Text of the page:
Consuming the Invitation

- Troy Hatfield (Photo Credit: Monica Ayers Photography)

Try and picture the last time you received a wedding invitation in your mailbox. How long did it take to hear something like this (cynical) little voice: “Ugh. There goes an entire Saturday, lost to uncomfortable shoes and fake smiles. I wonder what will be longer, the time between the ceremony and reception or the toasts filled with inside jokes that no one laughs at. I predict the solo from the not-quite-in-tune cousin will be 13 times longer than it takes the couple to light that unity candle, leaving the rest of us staring at the couple staring at each other.”

Or something like that? Please tell me someone else knows what I’m talking about.

That little voice in my head was put in its place a few weeks ago. I got to be part of a wedding of two dear friends, neither of who has loads of extra cash just lying around. They needed to be really intentional about who was invited to their wedding. I know they had to make difficult decisions about their guest list. It dawned on me, embarrassingly for the first time, that it might very well be a gift to be invited to someone’s wedding.

In his book “The Gift,” Lewis Hyde writes that “a gift must always be used up, consumed, eaten.” I’ve never forgotten this idea. The most true thing I can do with a gift is to enjoy it, to make it part of myself, to consume it. So, if being invited to a wedding is a gift, how do I best consume it?

I often have a unique perspective at weddings. In addition to making music and officiating ceremonies, I also lead a cover band, called PleasureTowne, to facilitate the dancing portion of wedding receptions. We are typically responsible for the final hours of the day’s celebrations – after the meal and toasts and cake cutting and bride and father slow dance, the band kicks in and tries to get both great-aunt and the teenage cousin to stand up and “shake your groove thing.” And it’s in those holy and joyful moments that I am reminded of a significant way to consume the invitation gift.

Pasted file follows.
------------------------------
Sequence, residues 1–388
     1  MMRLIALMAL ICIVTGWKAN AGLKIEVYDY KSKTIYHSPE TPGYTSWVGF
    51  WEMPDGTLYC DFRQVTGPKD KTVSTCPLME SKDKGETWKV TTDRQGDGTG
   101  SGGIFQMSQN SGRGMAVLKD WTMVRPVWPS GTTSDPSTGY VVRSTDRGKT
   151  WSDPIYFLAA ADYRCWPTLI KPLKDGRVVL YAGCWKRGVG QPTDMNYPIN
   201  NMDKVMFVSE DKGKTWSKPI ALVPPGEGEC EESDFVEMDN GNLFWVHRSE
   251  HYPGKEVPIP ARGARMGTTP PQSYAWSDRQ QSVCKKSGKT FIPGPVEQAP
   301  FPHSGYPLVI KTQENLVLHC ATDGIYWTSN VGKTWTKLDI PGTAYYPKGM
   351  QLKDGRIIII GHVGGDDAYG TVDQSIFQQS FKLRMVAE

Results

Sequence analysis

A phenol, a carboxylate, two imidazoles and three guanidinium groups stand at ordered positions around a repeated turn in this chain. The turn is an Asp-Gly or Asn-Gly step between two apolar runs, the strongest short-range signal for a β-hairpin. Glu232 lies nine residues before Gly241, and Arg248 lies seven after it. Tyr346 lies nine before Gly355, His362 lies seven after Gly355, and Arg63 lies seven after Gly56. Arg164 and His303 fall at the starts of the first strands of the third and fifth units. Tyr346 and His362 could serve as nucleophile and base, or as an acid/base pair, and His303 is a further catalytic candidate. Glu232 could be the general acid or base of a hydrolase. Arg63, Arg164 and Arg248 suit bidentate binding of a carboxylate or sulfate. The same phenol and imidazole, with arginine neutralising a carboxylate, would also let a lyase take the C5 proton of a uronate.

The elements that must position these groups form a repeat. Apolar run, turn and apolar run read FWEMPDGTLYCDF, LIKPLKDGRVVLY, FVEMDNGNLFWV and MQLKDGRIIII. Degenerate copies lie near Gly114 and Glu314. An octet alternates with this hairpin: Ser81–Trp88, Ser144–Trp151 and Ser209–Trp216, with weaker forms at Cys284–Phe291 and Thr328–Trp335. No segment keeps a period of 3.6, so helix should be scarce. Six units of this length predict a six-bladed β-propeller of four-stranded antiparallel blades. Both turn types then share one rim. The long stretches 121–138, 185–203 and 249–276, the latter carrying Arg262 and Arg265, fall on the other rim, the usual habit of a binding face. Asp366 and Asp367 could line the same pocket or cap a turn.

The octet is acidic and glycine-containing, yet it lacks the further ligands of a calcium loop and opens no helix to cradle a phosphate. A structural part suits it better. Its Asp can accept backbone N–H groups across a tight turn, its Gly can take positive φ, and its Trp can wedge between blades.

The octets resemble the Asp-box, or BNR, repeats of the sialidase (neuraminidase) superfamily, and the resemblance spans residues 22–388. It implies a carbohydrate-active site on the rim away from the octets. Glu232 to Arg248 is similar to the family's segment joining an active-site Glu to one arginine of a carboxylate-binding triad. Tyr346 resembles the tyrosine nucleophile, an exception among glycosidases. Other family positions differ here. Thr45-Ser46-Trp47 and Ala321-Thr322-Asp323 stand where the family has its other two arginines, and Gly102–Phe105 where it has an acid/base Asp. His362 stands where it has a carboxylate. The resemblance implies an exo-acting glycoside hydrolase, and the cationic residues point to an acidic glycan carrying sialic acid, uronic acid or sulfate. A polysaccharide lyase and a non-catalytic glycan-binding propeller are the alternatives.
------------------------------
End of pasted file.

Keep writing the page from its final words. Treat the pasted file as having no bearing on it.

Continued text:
You dance. You sweat. You put your arm around another person and sing “Don’t Stop Believin’” loud enough to lose your voice. You join the conga line or Electric Slide or the Dougie every single second the bride (in particular) is on the dance floor. Because I’ve seen the expressions of the newly married couple when they are surrounded by these well-dressed guests – in some kind of mysterious way, your consuming the gift offered to you is a gift back to those who gave it to you in the first place.  

I know it’s “cooler” to stand off to the side, holding a drink, barely nodding your head to the music, watching other people sweat through their fancy clothes. But I am more and more convinced that each invitee is essential to helping make the celebration a reality. So may we find a way to “eat up” the invitation whenever it is extended and listen to the music more and that cynical little voice less. 

Troy is Lead Worship Pastor at Mars Hill Bible Church in Grandville, MI, where he’s been on staff since 2004. A musician, Anglophile, voracious reader and owner of more black clothing than anyone he knows, Troy has also recently married Lis, a violinist and lover of every member of the animal kingdom. Follow Troy on twitter@tr0yisbald.